Keywords: Search Theory of Money, Budget Constrained Auctions, Friedman Rule
    JEL: E41 D83
    Date: 2005–12–01
  23. By: Bertocco Giancarlo (Department of Economics, University of Insubria, Italy)
    Abstract: The endogenous money theory constitutes the core element of the post-keynesian monetary theory. The first formulation of this theory can be found in the works of Kaldor published in the 1970s. Taking these studies as a starting point, the post-keynesians elaborated two versions of the endogenous money theory which differ in their assumptions about the behaviour of the monetary authorities and the banking system, and hence offer different conclusions about the slope of the money supply curve. The aim of this paper is to evaluate the importance of the endogenous money theory using a criterion which can be defined on the basis of Keynes’s distinction between a real exchange economy and a monetary economy. As is well known, Keynes (1933a, 1933b) uses the former term to refer to an economy in which money is merely a tool to reduce the cost of exchange and whose presence does not alter the structure of the economic system, which remains substantially a barter economy. A monetary economy instead refers to an economic system in which the presence of fiat money radically changes the nature of exchange and the characteristics of the production process. Keynes (1933a, p. 410) notes that the classical economists formulated an explanation of how the real-exchange economy works, convinced that this explanation could be easily applied to a monetary economy. He believed that this conviction was unfounded and stressed the need to elaborate a ‘monetary theory of production, to supplement the real–exchange theories which we already possess’ (Keynes, 1933a, p. 411). The specification of the elements determining the non-neutrality of money is thus the key factor differentiating Keynes’s theory from the classical one.1 The criterion used to evaluate the significance of the endogenous money theory is whether it enables us to elaborate on and to broaden the explanation of the justification the nonneutrality of money formulated by Keynes. In The General Theory the reasons for the non-neutrality of money are grounded in the store of wealth function of money; the liquidity preference theory is the element on which the keynesian explanation of income fluctuation is based. The importance of the money endogeneity theory can therefore be assessed in relation to its ability to specify determinant factors for the non-neutrality of money that have not been highlighted by the liquidity preference theory; in other words, the significance of the endogenous money theory depends on its capacity to bring out elements of a monetary economy that have been overlooked in the liquidity preference theory. This paper presents the following results. First of all, it shows that the endogenous money theory makes it possible to extend the analysis of the factors accounting for the non-neutrality of money beyond what Keynes has done in The General Theory; in particular this paper argues that the theory of money endogeneity obtains this result by underlying the means of payment function of money. Second, the work shows that the money endogeneity theory gives credence to certain points developed by Keynes in some works published in 1933 and between 1937 and 1939. Third, the work emphasises that the novel aspects of the money endogeneity theory do not depend on the particular version of this theory, i.e. they do not depend on the slope of the credit supply curve. Finally, in the paper the most significant aspects of the money endogeneity theory are presented by means of a theoretical model that distinguishes clearly between the credit market and the money market. It is shown that an important element of the money endogeneity theory is that it elaborates an alternative credit theory to the neoclassical one. The paper is divided into three parts. In the first one, the most relevant aspects of the money endogeneity theory are presented starting from Kaldor’s work, and we bring out the consistency between that theory and the considerations formulated by Keynes in some writings which preceded and followed the publication of The General Theory. In the second part the two versions of the money endogeneity theory are analysed and it is noted that the debate between the supporters of these two versions risks overshadowing the innovative aspects of the money endogeneity theory that do not depend on the slope of the credit and money supply curves. Then in the third part, the aspects that distinguish a monetary economy from a real-exchange economy and that emerge because of the money endogeneity theory are described.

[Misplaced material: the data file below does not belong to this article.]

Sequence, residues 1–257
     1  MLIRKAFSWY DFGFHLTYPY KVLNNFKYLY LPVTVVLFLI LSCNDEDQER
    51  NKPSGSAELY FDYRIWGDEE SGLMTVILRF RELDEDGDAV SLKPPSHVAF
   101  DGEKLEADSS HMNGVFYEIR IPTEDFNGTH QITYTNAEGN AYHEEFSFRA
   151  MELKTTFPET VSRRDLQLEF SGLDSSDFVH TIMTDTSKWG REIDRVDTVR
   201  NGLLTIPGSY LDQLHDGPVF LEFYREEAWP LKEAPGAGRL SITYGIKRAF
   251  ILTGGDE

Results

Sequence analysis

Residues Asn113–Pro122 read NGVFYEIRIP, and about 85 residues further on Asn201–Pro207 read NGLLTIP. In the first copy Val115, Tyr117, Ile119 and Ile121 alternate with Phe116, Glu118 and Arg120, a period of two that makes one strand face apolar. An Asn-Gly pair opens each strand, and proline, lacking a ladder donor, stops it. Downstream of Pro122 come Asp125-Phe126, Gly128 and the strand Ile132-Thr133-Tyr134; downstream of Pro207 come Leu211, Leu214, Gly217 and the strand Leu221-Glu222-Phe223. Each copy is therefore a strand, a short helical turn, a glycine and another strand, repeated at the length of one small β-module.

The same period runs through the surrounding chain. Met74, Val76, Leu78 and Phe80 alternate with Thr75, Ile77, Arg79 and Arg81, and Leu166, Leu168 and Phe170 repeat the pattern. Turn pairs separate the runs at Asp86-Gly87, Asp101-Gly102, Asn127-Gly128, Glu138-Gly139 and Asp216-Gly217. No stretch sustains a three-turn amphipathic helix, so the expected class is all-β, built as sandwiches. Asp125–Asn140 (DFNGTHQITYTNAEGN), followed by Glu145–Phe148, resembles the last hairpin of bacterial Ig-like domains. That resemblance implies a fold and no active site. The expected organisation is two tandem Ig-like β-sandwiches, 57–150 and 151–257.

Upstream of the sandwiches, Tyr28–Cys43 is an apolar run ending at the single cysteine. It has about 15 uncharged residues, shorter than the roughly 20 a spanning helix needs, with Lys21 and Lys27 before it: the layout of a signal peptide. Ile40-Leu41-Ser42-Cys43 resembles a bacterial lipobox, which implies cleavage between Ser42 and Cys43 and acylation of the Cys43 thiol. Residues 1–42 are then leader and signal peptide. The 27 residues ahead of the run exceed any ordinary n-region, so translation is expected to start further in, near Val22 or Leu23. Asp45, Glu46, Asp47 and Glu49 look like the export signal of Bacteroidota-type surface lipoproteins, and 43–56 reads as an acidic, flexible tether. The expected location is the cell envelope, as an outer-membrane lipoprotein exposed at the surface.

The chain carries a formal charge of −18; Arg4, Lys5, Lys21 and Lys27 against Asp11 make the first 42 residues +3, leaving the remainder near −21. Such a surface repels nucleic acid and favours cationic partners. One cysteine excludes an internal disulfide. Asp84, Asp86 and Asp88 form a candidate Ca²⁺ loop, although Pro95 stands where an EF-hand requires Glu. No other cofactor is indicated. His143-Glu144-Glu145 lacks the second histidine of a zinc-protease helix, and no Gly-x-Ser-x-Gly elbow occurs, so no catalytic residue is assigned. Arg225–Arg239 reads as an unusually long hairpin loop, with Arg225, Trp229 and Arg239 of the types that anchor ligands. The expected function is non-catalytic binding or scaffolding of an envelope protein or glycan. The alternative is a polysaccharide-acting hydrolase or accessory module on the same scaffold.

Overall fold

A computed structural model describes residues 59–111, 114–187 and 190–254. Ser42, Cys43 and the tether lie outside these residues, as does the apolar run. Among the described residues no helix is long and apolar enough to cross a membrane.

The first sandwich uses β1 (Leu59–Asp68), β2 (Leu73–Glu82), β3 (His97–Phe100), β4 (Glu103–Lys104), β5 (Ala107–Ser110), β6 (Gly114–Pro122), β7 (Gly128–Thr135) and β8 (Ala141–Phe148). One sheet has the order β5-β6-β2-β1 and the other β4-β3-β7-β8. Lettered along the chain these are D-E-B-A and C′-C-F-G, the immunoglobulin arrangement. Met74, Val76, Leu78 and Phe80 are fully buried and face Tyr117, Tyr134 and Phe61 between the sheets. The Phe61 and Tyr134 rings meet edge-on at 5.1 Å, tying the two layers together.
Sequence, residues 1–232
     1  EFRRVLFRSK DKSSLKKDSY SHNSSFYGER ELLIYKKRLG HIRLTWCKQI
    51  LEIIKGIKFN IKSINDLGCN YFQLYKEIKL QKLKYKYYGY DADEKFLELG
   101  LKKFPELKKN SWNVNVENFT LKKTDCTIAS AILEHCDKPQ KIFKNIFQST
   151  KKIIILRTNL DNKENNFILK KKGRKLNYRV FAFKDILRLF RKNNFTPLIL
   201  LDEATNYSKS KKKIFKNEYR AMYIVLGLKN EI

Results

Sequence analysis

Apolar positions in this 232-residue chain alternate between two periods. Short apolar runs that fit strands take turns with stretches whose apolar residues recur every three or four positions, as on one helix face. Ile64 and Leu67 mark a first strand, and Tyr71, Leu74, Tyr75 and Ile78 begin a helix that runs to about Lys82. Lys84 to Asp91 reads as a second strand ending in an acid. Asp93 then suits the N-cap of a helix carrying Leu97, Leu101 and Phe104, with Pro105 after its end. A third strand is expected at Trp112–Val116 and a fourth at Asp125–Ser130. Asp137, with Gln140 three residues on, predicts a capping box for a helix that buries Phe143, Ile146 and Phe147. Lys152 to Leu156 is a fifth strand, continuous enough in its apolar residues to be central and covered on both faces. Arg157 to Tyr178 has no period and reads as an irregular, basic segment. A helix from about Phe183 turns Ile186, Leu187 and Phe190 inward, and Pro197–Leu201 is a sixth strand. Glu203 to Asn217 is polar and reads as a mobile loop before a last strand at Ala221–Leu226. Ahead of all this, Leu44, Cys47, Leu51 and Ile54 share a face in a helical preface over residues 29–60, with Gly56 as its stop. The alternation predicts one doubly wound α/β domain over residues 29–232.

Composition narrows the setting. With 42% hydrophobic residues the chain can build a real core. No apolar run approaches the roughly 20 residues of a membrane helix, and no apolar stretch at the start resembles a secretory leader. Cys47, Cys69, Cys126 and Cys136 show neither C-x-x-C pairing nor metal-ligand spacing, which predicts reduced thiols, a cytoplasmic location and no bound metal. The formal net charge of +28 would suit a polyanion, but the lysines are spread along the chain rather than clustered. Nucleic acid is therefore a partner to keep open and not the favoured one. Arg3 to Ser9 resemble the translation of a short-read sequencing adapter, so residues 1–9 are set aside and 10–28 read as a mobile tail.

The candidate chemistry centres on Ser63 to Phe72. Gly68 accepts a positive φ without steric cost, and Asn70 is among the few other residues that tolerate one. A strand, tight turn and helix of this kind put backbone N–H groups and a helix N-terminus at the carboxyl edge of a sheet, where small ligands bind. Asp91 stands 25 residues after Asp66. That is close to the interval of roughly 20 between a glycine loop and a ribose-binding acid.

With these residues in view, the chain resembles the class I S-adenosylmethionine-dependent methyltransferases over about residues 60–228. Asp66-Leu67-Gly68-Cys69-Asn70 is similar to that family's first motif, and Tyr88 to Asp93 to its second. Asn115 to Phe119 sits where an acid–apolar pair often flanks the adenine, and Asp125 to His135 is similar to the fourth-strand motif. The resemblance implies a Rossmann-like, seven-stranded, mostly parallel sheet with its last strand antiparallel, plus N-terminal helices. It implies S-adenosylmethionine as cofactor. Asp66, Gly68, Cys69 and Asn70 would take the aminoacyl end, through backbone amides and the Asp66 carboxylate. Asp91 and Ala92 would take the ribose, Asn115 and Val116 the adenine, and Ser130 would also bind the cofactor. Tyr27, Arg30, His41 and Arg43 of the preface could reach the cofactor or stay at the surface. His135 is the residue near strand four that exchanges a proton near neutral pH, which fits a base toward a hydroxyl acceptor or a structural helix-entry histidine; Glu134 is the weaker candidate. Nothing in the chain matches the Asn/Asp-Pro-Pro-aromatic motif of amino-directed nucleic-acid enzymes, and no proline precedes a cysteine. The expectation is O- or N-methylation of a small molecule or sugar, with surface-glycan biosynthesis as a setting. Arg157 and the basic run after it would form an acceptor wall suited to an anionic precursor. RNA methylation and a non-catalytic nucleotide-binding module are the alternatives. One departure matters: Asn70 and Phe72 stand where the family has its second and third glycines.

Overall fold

Date: 2006–02
  24. By: Vit Barta
    Abstract: The purpose of this paper is twofold: firstly, to identify and quantify the potential costs to the Czech economy should fulfilment of the Maastricht inflation criterion (MIC) require disinflation; and secondly, to discuss and suggest policies geared towards minimising the costs related to meeting the MIC. We assume that the real appreciation of the koruna will be about 1.5% during the reference period. Three disinflation simulations are derived from this assumption. The results show that a decline in inflation by 0.5 p.p., 1 p.p. and 1.5 p.p. leads to a cumulative loss of output reaching about 0.5%, 1% and 1.6% respectively of annual potential GDP over a period of four years. The time restriction imposed on the simulations implies that the shorter the time to reach a given lower level of inflation, the higher the initial increase in the interest rate and the more aggressive the policy rule needed. The simulation results and the likely application of the monetary convergence criteria are relevant to the discussion of policy options. We argue that due to the asymmetry of the Maastricht exchange rate criterion (MERC), allowing for nominal appreciation rather than depreciation, fulfilment of the MIC should be superior. Also, we suggest that the main task for the CNB will be to focus on reaching a level of inflation consistent with the presumed level of the MIC sufficiently early before the reference period. This may require a downward adjustment of the CNB’s inflation point target and an extension of the current policy horizon.
    Keywords: Disinflation, EMU entry, euro adoption, Maastricht inflation criterion, policy options, real exchange rate appreciation, output loss.
    JEL: E31 E32 E47 E52 E58 E63
    Date: 2005–12